Seasonal variation in outdoor, indoor, and personal air pollution exposures of women using wood stoves in the Tibetan Plateau: Baseline assessment for an energy intervention study

Kun Ni, Ellison Carter, James J. Schauer, Majid Ezzati, Yuanxun Zhang, Hongjiang Niu, Alexandra M. Lai, Ming Shan, Yuqin Wang, Xudong Yang, Jill Baumgartner

Research output: Contribution to journalArticlepeer-review

55 Scopus citations

Abstract

Cooking and heating with coal and biomass is the main source of household air pollution in China and a leading contributor to disease burden. As part of a baseline assessment for a household energy intervention program, we enrolled 205 adult women cooking with biomass fuels in Sichuan, China and measured their 48-h personal exposure to fine particulate matter (PM2.5) and carbon monoxide (CO) in winter and summer. We also measured the indoor 48-h PM2.5 concentrations in their homes and conducted outdoor PM2.5 measurements during 101 (74) days in summer (winter). Indoor concentrations of CO and nitrogen oxides (NO, NO2) were measured over 48-h in a subset of ~ 80 homes. Women's geometric mean 48-h exposure to PM2.5 was 80 μg/m3 (95% CI: 74, 87) in summer and twice as high in winter (169 μg/m3 (95% CI: 150, 190), with similar seasonal trends for indoor PM2.5 concentrations (winter: 252 μg/m3; 95% CI: 215, 295; summer: 101 μg/m3; 95% CI: 91, 112). We found a moderately strong relationship between indoor PM2.5 and CO (r = 0.60, 95% CI: 0.46, 0.72), and a weak correlation between personal PM2.5 and CO (r = 0.41, 95% CI: − 0.02, 0.71). NO2/NO ratios were higher in summer (range: 0.01 to 0.68) than in winter (range: 0 to 0.11), suggesting outdoor formation of NO2 via reaction of NO with ozone is a more important source of NO2 than biomass combustion indoors. The predictors of women's personal exposure to PM2.5 differed by season. In winter, our results show that primary heating with a low-polluting fuel (i.e., electric stove or wood-charcoal) and more frequent kitchen ventilation could reduce personal PM2.5 exposures. In summer, primary use of a gaseous fuel or electricity for cooking and reducing exposure to outdoor PM2.5 would likely have the greatest impacts on personal PM2.5 exposure.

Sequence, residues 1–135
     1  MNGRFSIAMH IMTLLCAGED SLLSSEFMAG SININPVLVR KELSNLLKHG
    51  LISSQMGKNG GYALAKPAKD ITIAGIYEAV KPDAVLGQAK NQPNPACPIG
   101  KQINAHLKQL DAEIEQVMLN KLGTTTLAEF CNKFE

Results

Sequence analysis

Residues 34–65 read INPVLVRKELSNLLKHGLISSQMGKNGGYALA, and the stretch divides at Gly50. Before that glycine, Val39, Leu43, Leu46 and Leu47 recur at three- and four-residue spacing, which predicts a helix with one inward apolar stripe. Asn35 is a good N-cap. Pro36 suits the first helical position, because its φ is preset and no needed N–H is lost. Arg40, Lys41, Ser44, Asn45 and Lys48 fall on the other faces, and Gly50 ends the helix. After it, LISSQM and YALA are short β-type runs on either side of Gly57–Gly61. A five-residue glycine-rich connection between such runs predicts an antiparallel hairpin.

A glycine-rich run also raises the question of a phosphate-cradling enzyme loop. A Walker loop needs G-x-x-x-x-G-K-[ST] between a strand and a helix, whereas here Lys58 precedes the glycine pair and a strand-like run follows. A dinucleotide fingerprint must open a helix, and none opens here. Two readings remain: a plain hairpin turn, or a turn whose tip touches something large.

Original languageEnglish (US)
Pages (from-to)449-457
Number of pages9
JournalEnvironment International
Volume94
DOIs
StatePublished - Sep 1 2016

Keywords

  • Carbon monoxide
  • China
  • Energy
  • Exposure
  • Household air pollution
  • Nitrogen oxides
  • Particulate matter
  • Tibetan Plateau

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